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Open banking is not just for Europe, although many of us sitting in Europe probably think it is. Many other markets around the world have been noticing what Europe is up to and other countries and regions are also looking to adopt similar principles with the ultimate view of delivering better customer financial outcomes.
Stakeholders in the United States are inching toward a more formalized regime for third-party data sharing. These stakeholders include financial institutions, consumer-facing fintech services, trusted intermediaries, regulators, lawmakers, industry working groups (such as FS-ISAC and NACHA), and of course, consumers. Large banks are entering into data sharing arrangements with individual partner organisations, however, there is no doubt that open banking, albeit a different flavour to PSD2, will arrive in the US in the not too distant future.
Australia has moved one step closer to implementing an open banking regime with the publication of a final Government report into the issue.Open banking in Australia aims to be a game changer leading to better deals on mortgages, personal loans and small businesses loans. Open banking will give consumers more choice of financial services providers, a greater understanding of their financial standing and overall more control over their financial future.
The Hong Kong Monetary Authority (HKMA) publishes its draft Open API framework. Publication of the framework – on 11th January – marked the start of a public consultation.
- The aims of the HKMA’s Open API framework include:
- Increase the competitiveness of Hong Kong’s banking sector
- Generate opportunities to reach out to untapped markets through better customer experience
- Define Open API use cases and deployment timeframes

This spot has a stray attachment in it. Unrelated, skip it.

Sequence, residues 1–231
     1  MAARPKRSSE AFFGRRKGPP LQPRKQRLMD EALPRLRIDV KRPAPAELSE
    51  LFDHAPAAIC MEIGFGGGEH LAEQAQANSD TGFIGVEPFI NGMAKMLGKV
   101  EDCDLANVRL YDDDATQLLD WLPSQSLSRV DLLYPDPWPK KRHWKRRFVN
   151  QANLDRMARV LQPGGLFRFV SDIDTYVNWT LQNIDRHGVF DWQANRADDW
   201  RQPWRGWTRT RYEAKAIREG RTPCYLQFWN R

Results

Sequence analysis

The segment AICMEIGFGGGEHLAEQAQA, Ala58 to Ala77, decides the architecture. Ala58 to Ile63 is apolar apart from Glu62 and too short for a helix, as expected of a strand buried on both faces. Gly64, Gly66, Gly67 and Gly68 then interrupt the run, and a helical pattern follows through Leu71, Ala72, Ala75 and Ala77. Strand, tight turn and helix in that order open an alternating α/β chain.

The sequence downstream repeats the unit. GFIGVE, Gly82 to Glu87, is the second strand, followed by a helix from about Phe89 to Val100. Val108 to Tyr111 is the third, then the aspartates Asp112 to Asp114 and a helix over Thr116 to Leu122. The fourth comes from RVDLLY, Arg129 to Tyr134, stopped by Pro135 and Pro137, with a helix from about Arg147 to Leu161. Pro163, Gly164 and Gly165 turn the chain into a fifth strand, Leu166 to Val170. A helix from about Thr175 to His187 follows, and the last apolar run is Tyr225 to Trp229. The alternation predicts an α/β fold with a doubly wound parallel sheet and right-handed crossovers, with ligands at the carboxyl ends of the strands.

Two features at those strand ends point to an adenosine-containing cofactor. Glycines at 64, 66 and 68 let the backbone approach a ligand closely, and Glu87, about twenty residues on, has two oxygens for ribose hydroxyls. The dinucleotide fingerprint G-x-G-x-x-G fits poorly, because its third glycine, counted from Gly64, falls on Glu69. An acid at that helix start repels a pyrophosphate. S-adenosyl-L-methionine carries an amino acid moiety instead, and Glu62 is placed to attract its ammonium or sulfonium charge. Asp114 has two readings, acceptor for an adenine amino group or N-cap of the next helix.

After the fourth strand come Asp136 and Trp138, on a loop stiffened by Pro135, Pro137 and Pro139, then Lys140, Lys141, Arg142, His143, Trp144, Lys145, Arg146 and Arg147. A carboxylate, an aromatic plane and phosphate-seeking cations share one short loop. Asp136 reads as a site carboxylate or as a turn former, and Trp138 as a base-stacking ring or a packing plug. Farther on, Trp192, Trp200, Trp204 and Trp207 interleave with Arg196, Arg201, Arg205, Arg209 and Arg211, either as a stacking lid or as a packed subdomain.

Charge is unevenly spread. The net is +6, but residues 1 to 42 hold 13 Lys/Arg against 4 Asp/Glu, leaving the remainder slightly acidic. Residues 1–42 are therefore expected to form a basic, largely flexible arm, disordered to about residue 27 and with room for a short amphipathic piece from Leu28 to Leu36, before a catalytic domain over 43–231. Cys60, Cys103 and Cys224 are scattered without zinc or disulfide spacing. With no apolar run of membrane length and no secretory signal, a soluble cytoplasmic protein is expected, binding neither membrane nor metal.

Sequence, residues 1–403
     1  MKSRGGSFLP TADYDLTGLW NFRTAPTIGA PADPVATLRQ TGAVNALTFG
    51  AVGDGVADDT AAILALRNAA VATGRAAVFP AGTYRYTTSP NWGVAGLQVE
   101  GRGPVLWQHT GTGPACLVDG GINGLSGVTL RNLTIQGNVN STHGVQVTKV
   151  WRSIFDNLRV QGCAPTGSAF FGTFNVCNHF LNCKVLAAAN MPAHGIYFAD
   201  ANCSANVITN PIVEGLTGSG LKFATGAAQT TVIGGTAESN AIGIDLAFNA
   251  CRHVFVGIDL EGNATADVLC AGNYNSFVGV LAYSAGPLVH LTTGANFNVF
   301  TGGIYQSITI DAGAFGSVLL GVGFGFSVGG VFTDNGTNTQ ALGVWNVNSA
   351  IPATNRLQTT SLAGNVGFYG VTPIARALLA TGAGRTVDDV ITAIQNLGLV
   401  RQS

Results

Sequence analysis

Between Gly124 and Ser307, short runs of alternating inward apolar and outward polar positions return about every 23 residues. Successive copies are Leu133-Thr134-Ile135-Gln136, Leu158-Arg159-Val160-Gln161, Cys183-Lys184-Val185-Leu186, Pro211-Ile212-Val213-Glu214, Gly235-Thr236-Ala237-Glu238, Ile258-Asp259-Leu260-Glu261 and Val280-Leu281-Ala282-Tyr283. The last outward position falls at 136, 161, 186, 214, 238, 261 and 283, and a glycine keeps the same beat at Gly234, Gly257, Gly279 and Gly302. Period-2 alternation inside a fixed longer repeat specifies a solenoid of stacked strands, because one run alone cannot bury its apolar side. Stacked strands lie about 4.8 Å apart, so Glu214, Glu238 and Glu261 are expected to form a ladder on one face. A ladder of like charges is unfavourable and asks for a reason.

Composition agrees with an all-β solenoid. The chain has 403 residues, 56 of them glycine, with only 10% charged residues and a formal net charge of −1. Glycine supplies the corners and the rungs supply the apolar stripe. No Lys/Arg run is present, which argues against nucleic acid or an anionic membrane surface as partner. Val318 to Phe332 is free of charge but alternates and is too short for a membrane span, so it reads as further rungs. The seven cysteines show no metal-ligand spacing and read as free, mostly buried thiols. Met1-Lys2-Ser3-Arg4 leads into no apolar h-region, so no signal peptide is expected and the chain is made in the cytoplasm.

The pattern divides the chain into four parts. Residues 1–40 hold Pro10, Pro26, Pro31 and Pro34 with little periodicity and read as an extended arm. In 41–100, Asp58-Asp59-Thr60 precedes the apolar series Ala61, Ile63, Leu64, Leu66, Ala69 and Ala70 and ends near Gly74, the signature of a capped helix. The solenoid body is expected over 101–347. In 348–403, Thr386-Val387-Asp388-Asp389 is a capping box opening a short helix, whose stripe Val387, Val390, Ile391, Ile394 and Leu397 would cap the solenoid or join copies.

- Recommend Open API technical standards
- Recommend Open API facilitation measures
The Monetary Authority of Singapore (MAS) is very vocal about encouraging financial institutions to adopt APIs as a key foundation layer for innovation and interoperability.
MAS are known for their progressive, forward thinking approach to the role financial technology can have in their local economies, and so it comes as no surprise, that Singapore is looking at open banking as a way to broaden choice and foster competition in their local market.
The following chart shows open banking readiness across the whole Asian region:
Whilst the regulators have not yet commented on open banking, a number of commentators have started noting that India overall is in an excellent position to take forward open banking quickly, in the context of 29 states and 1.25 billion people they have already implmenented:
- Aadhaar: The largest central database of biometrics-based identity information in the world.
- IMPS: An instant payment infrastructure with sizeable transaction volumes operational since 2010 – something most countries in the world are currently working hard to implement.
- UPI: A peer-to-peer payments scheme that bypasses all intermediaries and encourages competition and cost savings – something the likes of the EU has just woken up to with PSD2.
- Functional versatility of India stack – whereas most such others worldwide are confined to identity and KYC services.
- Upcoming policy frameworks on account aggregation, P2P lending, blockchain and its own cryptocurrency.
- This puts India in a better position than other markets to leapfrog FinTech growth and concurrently redefine the experience of digital consumption of banking products and services.
The following chart highlights just how broadly open banking is being considered across Asia:
At Konsentus we are of course very happy to see this global expansion of open banking. Although each market may look to deliver a slightly different flavour we are confident that all will require some form of permission and consent management for the open banking APIs and this is what we are delivering.